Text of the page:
Ed Pope, a young African American landscape architect for the Department of Parks and Recreation, and a former resident of Allensworth, understood its historical significance and prepared a proposal to preserve the historic town.
Pope tied a lack of representation of the African American experience in the California state park system and the contemporaneous civil rights struggle with the need to save Allensworth.
Pope's undated memo to William Penn Mott, Jr., Director of the Department of Parks and Recreation, stated that farming corporations' purchases would soon erase any sign of Allensworth's existence. He wrote:
The times we live in are perilous. Men are no longer content to turn the other cheek. The quantities of patience and forbearance that enabled Colonel Allensworth to endure the degradations of slavery, to be sold as chattel property, to escape the institution of slavery, and to volunteer his life as a soldier fighting for the survival of his country; and yet be inspired to establish a home and community where others could live with freedom and dignity – these qualities are not common among us. The opportunity to preserve this history is available to us now. In preserving it, we will be saying that we see the futility that has borne the fruits of violence in our time.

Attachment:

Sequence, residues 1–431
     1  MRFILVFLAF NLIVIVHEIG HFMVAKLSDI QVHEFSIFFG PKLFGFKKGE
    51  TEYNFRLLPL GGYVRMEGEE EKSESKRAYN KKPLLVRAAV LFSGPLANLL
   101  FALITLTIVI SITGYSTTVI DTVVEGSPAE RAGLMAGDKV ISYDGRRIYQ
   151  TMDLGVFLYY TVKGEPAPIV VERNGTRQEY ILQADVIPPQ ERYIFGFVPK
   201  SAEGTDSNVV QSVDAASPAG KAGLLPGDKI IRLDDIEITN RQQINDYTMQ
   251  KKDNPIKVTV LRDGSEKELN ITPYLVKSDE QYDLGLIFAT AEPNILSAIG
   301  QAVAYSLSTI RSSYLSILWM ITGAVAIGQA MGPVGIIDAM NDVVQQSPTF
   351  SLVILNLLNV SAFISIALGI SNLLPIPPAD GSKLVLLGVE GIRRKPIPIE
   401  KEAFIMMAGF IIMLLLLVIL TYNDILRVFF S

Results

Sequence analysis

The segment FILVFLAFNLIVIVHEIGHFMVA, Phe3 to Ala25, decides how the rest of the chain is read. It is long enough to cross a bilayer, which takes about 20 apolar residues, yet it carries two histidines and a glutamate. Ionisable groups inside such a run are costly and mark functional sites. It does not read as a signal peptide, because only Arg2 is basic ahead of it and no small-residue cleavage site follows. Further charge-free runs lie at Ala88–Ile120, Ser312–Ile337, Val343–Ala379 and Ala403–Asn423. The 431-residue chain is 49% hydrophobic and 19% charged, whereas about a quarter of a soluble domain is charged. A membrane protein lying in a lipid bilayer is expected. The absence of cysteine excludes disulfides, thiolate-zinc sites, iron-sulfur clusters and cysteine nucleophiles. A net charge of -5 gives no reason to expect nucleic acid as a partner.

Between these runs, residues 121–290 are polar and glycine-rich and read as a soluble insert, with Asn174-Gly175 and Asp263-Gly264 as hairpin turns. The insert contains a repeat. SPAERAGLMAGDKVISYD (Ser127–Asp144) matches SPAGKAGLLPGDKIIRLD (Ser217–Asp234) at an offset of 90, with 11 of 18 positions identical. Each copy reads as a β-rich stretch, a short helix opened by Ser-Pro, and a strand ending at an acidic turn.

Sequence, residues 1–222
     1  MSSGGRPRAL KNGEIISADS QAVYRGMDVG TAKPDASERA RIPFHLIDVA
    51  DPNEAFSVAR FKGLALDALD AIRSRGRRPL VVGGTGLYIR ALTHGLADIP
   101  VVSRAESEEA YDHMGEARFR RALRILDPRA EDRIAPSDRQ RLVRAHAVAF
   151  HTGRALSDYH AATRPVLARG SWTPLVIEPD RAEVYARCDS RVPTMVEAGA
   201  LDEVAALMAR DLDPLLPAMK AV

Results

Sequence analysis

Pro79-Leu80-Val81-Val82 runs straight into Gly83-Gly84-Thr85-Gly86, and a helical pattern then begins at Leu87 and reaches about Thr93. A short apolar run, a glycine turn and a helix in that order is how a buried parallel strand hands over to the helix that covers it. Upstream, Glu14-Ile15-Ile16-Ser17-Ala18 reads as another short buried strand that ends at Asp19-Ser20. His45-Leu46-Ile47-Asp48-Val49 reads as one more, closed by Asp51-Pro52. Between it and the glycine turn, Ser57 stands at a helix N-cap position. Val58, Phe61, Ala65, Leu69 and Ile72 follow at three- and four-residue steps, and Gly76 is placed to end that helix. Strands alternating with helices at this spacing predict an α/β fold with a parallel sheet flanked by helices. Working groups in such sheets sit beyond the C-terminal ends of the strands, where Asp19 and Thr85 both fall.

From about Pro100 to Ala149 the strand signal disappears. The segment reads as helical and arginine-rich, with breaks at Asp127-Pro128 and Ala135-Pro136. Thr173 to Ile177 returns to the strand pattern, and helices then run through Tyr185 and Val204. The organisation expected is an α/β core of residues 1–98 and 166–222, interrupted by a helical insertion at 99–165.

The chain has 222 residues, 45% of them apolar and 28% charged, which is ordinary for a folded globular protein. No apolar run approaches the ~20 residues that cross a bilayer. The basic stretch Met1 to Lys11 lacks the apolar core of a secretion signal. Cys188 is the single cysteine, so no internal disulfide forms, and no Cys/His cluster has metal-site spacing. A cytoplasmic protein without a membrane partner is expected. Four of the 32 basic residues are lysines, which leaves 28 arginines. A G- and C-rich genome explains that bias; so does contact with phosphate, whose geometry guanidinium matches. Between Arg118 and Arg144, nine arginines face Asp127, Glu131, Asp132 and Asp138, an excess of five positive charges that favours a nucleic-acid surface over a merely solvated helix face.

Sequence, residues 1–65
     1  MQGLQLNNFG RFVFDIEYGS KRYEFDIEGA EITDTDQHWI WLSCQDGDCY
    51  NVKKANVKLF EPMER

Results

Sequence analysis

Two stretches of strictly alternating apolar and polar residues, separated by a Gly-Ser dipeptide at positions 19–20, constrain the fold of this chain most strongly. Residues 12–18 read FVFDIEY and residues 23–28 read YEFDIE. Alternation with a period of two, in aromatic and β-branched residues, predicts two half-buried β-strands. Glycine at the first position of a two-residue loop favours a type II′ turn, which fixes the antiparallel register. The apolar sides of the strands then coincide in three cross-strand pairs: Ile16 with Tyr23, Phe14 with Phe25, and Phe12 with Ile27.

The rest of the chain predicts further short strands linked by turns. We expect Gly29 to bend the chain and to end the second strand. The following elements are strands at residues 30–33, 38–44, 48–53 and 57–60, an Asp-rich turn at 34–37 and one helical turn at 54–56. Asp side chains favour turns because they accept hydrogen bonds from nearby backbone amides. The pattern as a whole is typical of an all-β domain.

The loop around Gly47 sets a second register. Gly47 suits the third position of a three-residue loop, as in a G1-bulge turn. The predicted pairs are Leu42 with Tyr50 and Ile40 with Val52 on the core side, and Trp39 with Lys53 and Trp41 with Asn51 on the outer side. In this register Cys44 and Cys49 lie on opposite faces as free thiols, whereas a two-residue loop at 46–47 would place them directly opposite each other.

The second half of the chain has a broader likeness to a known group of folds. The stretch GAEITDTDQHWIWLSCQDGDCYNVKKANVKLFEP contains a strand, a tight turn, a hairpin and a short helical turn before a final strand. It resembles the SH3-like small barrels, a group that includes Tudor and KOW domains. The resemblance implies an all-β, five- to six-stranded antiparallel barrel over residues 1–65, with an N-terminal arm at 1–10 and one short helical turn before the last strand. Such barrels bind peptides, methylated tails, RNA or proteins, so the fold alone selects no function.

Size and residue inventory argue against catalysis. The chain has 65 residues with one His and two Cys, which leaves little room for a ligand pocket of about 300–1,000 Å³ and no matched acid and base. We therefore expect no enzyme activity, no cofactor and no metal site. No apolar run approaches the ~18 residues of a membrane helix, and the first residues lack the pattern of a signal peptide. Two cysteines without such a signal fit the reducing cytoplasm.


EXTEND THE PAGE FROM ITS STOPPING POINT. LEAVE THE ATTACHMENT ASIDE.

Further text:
Memoranda in support of creating a state park at Allensworth (1969) by Senator Howard Way Papers (LP174:176), California State ArchivesCalifornia State Archives
Director Mott was soon on board with the idea, stating in his April 1969 letter to Governor Ronald Reagan: